Issue 7 Stories
Womens Health

Annual Screening Mammography:

The Best Defense Against Breast Cancer

Early detection of any type of cancer is essential for successful treatment and cure, and that’s why healthcare providers emphasize the importance of regular screening mammograms. Early detection of breast cancer is the surest way of reducing a person’s risk of dying from the disease.

Who Needs a Mammogram?

In recent years, various organizations have released conflicting mammography recommendations, which can be confusing for patients, according to Collier B. Gladin, MD, a radiologist at Sentara RMH. However, the Sentara Cancer Network, the American College of Radiology and the Society of Breast Imaging all recommend an annual screening mammogram for every woman age 40 and older.

“Annual screening breast MRI, or magnetic resonance imaging, is also recommended for patients with an elevated risk for breast cancer,” says Dr. Gladin. “Women under age 40 with a family history of breast cancer likely also need regular screenings and should talk to their doctor about specific requirements to determine the timing and frequency of the tests.”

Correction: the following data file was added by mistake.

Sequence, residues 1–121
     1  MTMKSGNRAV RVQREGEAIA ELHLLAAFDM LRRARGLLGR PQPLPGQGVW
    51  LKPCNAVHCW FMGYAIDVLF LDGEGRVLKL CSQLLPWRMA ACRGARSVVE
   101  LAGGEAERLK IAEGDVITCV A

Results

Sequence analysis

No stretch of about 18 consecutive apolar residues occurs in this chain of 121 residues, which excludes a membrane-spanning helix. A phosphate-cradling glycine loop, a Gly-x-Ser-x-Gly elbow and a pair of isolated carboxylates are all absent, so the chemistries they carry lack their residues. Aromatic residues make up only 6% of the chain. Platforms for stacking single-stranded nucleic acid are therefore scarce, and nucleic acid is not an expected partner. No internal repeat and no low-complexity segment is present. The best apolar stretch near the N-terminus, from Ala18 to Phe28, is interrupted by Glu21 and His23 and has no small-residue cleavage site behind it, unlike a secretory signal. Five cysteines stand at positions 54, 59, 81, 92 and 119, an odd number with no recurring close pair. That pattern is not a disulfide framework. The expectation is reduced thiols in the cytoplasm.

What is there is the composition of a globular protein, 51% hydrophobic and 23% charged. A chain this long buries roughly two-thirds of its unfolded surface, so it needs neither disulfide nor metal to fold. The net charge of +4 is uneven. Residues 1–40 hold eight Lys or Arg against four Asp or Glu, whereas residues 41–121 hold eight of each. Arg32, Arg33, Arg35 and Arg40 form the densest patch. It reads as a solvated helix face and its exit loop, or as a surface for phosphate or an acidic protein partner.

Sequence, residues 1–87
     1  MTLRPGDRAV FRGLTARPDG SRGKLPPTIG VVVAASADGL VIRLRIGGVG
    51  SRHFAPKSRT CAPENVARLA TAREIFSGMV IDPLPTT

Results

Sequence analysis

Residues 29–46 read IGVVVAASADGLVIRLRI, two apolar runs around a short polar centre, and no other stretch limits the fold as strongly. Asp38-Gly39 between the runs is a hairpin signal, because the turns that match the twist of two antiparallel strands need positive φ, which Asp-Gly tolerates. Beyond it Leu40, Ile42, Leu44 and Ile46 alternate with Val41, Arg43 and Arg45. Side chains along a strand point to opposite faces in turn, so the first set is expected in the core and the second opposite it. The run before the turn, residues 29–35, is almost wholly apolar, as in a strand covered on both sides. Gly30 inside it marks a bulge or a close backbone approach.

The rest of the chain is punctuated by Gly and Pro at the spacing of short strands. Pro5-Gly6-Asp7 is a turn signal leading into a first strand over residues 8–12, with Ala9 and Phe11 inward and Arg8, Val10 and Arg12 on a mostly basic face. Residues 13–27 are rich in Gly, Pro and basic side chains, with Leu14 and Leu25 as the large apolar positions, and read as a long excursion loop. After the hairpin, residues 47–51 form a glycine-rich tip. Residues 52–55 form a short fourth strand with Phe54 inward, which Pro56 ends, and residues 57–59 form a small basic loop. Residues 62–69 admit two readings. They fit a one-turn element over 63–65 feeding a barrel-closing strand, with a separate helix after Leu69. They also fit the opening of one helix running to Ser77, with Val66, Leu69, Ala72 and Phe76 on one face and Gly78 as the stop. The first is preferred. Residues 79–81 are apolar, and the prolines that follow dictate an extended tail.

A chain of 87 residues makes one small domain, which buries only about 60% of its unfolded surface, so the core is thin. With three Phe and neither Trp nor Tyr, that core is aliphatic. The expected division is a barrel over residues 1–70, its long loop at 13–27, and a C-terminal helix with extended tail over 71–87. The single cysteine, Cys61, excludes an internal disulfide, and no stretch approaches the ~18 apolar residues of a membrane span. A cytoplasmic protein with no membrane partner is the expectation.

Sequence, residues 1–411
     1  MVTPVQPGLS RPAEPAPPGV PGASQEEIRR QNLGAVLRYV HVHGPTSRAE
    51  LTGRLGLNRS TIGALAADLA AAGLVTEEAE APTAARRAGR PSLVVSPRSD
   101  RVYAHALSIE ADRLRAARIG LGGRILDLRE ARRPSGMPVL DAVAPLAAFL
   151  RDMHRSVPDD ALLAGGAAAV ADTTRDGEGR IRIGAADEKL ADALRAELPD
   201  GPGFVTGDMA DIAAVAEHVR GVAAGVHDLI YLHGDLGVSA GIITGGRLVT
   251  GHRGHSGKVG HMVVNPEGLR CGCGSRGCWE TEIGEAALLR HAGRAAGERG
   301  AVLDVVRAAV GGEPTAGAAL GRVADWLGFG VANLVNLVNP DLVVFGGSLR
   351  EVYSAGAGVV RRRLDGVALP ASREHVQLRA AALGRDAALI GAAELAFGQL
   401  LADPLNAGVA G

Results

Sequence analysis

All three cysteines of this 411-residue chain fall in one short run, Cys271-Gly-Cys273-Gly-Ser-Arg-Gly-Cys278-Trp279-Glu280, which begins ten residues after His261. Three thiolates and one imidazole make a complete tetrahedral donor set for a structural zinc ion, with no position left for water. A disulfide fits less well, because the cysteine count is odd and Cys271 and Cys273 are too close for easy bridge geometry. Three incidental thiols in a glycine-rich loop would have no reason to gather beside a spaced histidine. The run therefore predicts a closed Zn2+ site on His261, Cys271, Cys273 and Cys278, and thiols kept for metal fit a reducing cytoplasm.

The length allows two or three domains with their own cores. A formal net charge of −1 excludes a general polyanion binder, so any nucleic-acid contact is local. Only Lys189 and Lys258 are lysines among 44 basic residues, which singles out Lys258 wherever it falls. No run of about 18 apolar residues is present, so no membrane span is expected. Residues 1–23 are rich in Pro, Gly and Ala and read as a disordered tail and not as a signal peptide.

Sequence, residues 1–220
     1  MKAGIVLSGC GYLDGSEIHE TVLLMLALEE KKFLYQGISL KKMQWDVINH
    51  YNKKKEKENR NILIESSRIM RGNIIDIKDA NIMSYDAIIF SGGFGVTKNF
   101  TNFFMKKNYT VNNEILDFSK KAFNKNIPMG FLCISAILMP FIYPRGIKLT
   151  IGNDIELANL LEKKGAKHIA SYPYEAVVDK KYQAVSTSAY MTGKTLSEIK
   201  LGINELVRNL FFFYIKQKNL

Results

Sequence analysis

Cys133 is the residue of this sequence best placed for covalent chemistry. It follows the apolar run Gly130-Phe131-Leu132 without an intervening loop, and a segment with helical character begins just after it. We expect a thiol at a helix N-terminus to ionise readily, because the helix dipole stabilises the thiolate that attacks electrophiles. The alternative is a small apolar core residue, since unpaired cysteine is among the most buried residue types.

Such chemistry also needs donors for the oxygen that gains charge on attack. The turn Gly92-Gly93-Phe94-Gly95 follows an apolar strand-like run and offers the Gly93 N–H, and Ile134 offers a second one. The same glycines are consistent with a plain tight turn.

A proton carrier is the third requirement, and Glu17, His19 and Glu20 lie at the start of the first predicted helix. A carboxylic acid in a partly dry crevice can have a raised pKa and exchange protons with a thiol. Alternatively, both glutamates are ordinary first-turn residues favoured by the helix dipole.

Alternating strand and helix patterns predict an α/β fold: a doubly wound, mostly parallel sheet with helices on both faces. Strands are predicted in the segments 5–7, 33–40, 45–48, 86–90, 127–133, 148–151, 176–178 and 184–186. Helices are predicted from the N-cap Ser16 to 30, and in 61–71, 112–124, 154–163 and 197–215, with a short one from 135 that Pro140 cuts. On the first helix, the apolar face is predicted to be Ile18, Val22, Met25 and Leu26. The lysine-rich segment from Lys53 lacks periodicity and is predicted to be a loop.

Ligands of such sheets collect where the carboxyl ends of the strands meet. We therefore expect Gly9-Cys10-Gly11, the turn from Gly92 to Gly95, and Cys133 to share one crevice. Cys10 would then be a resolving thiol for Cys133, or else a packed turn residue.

Mammograms beginning at age 40 are considered “the gold standard for early detection of breast cancer, and they offer the greatest opportunity for life-saving interventions,” adds C. Scott Pease, MD, a radiologist at Sentara Martha Jefferson.

3-D Mammography

One of the most significant advances in breast cancer screening in recent years has been 3-D mammography, also known as tomosynthesis, which is offered at both Sentara RMH and Sentara Martha Jefferson. Using low-dose radiation, tomosynthesis involves taking images of the breast from multiple angles. Those pictures are then compiled by a computer into clear, three-dimensional images of the breast, explains Dr. Gladin. Usually performed in combination with a traditional 2-D mammogram, 3-D mammograms help radiologists find cancers earlier and more easily.

Tomosynthesis has been shown to reduce the number of follow-up appointments and biopsies that may be required to clarify ambiguous findings on 2-D images—an advantage that helps relieve much of the anxiety many women feel while waiting for follow-up appointments and the results of those additional studies. Women with dense breast tissue especially benefit from 3-D mammograms, since detecting tumors in those patients can be difficult with 2-D mammography alone.